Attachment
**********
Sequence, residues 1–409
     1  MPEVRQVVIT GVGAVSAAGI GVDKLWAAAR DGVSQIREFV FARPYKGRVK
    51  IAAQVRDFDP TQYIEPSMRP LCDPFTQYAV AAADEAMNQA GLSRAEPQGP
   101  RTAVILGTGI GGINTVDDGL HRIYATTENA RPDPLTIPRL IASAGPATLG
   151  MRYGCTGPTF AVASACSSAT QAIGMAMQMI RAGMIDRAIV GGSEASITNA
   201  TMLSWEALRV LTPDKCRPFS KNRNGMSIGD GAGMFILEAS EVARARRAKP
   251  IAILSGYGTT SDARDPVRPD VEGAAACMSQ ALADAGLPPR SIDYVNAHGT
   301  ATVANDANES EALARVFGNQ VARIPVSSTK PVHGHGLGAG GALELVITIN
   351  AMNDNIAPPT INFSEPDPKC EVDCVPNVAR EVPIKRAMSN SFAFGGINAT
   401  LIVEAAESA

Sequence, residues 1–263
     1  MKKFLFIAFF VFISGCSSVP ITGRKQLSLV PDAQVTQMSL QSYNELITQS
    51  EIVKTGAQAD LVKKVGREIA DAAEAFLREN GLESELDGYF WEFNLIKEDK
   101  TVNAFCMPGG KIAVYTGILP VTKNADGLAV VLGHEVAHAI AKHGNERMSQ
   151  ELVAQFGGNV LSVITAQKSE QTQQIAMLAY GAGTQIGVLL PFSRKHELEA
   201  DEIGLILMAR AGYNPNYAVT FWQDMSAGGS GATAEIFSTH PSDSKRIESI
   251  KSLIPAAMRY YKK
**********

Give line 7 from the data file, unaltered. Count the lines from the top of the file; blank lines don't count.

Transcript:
   251  IAILSGYGTT SDARDPVRPD VEGAAACMSQ ALADAGLPPR SIDYVNAHGT